October 6th, 2011 / 1:00 pm
Craft Notes

Teaching Creative Writing: Syllabus as Story, Story as Scaffolding

A syllabus tells a story.  The story I work to make mine tell is, It all fits together.

When I teach an introductory creative writing course, I try to make every one of the course’s components “belong together.”  I try to design and arrange these components so that they’re engaged in “conversation”—so that they not only usefully complement one another, but lead to and precede from each other in ways that model process.  I’d like, above all, for my students to become consciously and unconsciously aware of how these components are “aware” of their fellow components.

By “course components,” I mean first-day activities, readings, close reading, freewrites, exercises, workshop/peer review, annotations, presentations, conversations, student-teacher conferences, grading rubrics, teaching persona, and the like—anything a teacher builds, administers, moderates, and is responsible for.

But course components that “belong together,” that “converse,” that are “aware”?  You might be thinking, “Joe, that’s vague.”  Or, “Duh.”

To ground these metaphors, I’d like to offer a term employed by pedagogical scholars, a term you might already be familiar with: scaffolding.

You’re “scaffolding” your assignments when you break bigger projects (such as the creation of a complete short story) into “a series of shorter, discrete writing tasks that slowly build in cognitive complexity.”  In other words, your course components lock and snap together like the scaffolding erected at construction sites.  The components stack upward and outward.  They accumulate height, width, and depth.  They maintain stability through connection.  And they begin to contain space.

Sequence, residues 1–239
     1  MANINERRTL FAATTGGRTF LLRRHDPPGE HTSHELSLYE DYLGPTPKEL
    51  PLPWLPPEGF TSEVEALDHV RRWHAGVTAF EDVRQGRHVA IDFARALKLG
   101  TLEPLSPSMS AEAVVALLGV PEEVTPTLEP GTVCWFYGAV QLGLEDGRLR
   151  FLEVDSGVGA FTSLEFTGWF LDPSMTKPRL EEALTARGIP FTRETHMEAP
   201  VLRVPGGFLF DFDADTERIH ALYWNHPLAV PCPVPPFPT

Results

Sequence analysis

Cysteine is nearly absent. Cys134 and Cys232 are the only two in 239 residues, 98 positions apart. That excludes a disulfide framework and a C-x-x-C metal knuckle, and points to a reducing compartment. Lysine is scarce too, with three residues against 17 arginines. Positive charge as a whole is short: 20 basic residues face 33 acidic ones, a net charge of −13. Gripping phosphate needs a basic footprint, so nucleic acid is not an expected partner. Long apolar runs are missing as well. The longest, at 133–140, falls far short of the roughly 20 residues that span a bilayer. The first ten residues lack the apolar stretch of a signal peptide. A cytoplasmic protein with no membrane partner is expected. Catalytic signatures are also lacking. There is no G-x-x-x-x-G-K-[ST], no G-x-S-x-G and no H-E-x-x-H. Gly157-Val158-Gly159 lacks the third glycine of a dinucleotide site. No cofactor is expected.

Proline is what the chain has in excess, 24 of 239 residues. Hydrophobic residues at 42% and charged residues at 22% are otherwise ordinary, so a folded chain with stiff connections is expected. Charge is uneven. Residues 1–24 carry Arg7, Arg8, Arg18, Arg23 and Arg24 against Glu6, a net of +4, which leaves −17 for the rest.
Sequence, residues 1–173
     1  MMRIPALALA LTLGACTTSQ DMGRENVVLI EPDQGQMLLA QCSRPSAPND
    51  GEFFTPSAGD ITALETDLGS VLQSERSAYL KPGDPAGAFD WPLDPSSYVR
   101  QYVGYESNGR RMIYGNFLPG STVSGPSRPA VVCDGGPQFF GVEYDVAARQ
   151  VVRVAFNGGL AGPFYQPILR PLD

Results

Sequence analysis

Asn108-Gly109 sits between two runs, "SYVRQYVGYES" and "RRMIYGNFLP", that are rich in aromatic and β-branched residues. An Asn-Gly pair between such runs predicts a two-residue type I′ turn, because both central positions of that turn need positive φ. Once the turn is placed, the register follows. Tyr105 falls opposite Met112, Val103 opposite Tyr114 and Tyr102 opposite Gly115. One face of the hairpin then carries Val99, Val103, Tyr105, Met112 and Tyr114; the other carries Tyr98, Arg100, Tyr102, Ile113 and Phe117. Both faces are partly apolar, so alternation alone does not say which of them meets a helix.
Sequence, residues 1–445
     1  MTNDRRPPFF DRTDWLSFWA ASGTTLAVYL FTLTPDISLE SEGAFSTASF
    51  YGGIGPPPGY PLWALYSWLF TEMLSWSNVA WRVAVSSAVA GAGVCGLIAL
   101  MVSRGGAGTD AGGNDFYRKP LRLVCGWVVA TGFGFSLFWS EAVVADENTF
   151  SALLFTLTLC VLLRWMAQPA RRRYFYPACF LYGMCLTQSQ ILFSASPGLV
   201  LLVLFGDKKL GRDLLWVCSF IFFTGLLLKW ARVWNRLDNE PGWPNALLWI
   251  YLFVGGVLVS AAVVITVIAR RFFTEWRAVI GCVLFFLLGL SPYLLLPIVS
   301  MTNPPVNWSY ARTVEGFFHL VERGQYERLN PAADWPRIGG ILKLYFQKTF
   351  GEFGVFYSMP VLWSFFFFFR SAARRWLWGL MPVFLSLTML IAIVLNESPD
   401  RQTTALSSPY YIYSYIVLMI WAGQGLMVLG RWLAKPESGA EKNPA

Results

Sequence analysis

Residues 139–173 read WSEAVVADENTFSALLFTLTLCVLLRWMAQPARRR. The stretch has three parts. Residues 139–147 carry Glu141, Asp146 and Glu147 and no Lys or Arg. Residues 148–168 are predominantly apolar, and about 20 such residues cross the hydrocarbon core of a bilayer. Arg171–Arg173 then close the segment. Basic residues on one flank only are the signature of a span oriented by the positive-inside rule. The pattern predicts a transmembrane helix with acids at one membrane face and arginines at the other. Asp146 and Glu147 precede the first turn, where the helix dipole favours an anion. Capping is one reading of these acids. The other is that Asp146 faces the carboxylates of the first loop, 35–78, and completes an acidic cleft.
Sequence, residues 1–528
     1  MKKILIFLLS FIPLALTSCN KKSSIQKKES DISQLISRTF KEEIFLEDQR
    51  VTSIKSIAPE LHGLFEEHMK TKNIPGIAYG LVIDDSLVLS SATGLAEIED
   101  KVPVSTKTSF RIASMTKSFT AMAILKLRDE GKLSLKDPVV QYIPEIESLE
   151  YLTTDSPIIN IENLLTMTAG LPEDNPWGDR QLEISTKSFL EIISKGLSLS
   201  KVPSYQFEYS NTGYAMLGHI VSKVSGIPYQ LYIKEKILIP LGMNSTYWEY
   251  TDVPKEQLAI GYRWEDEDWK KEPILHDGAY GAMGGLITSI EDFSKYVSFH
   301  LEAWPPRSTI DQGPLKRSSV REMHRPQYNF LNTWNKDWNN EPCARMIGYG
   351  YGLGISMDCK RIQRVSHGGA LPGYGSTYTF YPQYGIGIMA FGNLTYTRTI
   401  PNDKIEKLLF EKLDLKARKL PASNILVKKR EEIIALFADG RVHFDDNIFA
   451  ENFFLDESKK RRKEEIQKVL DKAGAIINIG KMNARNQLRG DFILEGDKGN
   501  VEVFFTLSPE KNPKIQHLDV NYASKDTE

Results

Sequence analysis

In that space is something that isn’t scaffolding.

When the scaffolding is removed, this something—if all goes according to plan—stands on its own.

(In the most ideal situations this is not only true for the student, who with the scaffolding’s assistance has created a work that can stand on its own, but is also true for the teacher, who with the scaffolding’s assistance has created the kind of learning experience that can stand on its own.)

I hasten to add that a teacher doesn’t need to have heard of this term to employ this technique!  When a thoughtful teacher carefully designs courses, he/she a.) creates elegant scaffolding without thinking of it as such, and/or b.) through different means achieves the same results: students who arrive at an understanding that stands on its own.

So I can only speak for myself: when I first asked myself, Self, why do you assign the assignments you assign, and why do you assign them in the order you assign them? I listened to myself give myself the lamest of answers: Because.

Because that’s how it’s done.

When I finally rejected this empty explanation—when I revised the story my syllabus tells from Because to It all fits together, when I actively scaffolded all course components—I felt like I’d cast a spell: my students, it seemed, learned more quickly, more deeply, and with more excitement, the excitement stemming from their greater awareness of their learning.

These are pedagogy basics.  But what I needed, and needed badly (and continue to need), were these basics.